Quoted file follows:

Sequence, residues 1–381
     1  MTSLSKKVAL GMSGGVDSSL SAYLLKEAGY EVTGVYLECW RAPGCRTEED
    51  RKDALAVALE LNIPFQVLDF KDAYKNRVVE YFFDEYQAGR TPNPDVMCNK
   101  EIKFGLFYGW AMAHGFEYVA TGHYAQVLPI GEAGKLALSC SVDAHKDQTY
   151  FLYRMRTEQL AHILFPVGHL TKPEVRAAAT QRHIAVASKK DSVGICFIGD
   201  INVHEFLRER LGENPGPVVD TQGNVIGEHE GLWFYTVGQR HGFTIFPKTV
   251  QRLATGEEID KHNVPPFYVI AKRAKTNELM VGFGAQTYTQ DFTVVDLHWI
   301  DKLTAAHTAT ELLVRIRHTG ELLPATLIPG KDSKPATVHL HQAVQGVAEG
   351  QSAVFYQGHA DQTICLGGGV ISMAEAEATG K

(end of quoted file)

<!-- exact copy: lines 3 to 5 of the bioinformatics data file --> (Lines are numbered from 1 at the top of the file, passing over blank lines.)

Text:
    51  RKDALAVALE LNIPFQVLDF KDAYKNRVVE YFFDEYQAGR TPNPDVMCNK
   101  EIKFGLFYGW AMAHGFEYVA TGHYAQVLPI GEAGKLALSC SVDAHKDQTY
   151  FLYRMRTEQL AHILFPVGHL TKPEVRAAAT QRHIAVASKK DSVGICFIGD